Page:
It was determined that the levy should not be made out of the entire body of the people indiscriminately. Ten tribes were drawn by lot; the two tribunes enlisted the younger men out of these, and led them to the war.
The contentions which commenced between them in the city, were, through the same eager ambition for command, carried to a much greater height in the camp: on no one point did they think alike; they contended strenuously for their own opinion; they desired their own plans, their own commands only to be ratified;
they mutually despised each other, and were despised, until, on the remonstrances of the lieutenant-generals, it was at length so arranged, that they should hold the supreme command on alternate days.
When an account of these proceedings was brought to Rome, Quintus Servilius, taught by years [p. 303]
and experience, is said to have prayed to the immortal gods, that the discord of the tribunes might not prove more detrimental to the commonwealth than it had done at Veii: and, as if some certain disaster was impending over them, he pressed his son to enlist soldiers and prepare arms.
Nor was he a false prophet. For under the conduct of Lucius Sergius, whose day of command it was, being suddenly attacked by the Aequans on disadvantageous ground near the enemy's camp, after having been decoyed thither by the vain hope of taking it, because the enemy had counterfeited fear and betaken themselves to their rampart, they were beaten down a declivity, and great numbers were overpowered and slaughtered by their tumbling one over the other rather than by flight:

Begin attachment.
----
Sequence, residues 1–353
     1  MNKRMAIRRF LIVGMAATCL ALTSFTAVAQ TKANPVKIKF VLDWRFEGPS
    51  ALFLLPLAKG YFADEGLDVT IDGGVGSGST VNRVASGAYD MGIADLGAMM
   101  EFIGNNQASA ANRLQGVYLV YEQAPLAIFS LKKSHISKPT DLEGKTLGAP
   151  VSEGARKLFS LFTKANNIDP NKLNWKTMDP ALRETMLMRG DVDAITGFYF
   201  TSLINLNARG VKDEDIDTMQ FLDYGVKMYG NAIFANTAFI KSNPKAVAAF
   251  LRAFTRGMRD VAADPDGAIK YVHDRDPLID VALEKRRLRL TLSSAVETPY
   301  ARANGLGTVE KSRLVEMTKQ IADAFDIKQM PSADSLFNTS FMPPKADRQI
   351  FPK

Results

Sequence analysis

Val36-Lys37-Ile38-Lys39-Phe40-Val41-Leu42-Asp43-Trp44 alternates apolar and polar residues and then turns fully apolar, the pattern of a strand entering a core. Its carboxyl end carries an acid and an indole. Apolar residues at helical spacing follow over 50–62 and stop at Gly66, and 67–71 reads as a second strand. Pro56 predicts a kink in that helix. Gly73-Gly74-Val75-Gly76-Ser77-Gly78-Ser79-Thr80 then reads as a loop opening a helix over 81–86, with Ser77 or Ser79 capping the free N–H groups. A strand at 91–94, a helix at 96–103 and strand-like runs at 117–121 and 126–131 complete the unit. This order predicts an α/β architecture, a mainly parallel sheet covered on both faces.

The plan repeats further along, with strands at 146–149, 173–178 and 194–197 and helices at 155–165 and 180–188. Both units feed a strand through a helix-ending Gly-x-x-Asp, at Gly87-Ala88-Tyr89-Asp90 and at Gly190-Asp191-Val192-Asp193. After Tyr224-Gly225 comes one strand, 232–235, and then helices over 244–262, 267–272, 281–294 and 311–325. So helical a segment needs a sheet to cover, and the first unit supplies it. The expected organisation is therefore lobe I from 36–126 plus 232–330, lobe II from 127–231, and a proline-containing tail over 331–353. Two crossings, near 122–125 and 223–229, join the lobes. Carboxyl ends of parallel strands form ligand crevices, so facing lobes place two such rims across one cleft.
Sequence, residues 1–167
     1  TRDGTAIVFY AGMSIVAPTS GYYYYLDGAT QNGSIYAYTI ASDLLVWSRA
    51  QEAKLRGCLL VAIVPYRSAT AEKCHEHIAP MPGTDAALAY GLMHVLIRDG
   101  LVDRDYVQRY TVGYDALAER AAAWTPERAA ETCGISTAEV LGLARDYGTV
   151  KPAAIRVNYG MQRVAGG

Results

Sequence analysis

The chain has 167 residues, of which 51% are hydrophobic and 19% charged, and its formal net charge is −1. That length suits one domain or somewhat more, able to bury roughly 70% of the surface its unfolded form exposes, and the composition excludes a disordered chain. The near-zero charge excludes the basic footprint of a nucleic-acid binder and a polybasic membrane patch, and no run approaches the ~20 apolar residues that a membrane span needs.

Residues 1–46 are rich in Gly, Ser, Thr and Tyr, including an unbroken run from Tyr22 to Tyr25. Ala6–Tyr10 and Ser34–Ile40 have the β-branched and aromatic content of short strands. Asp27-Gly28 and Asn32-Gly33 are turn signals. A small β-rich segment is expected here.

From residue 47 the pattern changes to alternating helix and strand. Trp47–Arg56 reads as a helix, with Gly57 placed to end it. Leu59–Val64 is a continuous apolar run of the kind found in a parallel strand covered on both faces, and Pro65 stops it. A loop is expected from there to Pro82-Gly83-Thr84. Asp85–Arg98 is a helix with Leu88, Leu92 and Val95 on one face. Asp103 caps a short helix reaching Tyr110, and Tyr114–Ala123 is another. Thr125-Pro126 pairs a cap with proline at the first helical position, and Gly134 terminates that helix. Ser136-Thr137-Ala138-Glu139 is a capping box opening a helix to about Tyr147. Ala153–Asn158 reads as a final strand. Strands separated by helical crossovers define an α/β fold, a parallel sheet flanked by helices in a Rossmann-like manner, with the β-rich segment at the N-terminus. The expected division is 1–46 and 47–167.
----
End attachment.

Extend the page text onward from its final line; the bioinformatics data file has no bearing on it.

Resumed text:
and the camp, retained with difficulty on that day, was, on the following day, deserted by a shameful flight through the opposite gate, the enemy having invested it in several directions.
The generals, lieutenant-generals, and such of the main body of the army as kept near the colours, made their way to Tusculum; others, dispersed in every direction through the fields, hastened to Rome by different roads, announcing a heavier loss than had been sustained.
There was less of consternation, because the result corresponded to the apprehensions of persons; and because the reinforcements, which they could look to in this distressing state of things, had been prepared by the military tribune:
and by his orders, after the disturbance in the city was quieted by the inferior magistrates, scouts were instantly despatched, and brought intelligence that the generals and the army were at Tusculum; that the enemy had not removed their camp.
And, what raised their spirits most, Quintus Servilius Priscus was created dictator in pursuance of a decree of the senate; a man whose judgment in public affairs the state had experienced as well on many previous occasions, as in the issue of that war, because he alone had expressed his apprehensions of the result of the disputes among the tribunes, before the occurrence of the misfortune;
he having appointed for his master of the horse, by whom, as military tribune, he had been nominated dictator, his own son, as some have stated, (for others mention that Ahala Servilius was master of the horse that year;)
and setting out to the war with his newly-raised army, after sending for those who were [p. 304]
at Tusculum, chose ground for his camp at the distance of two miles from the enemy.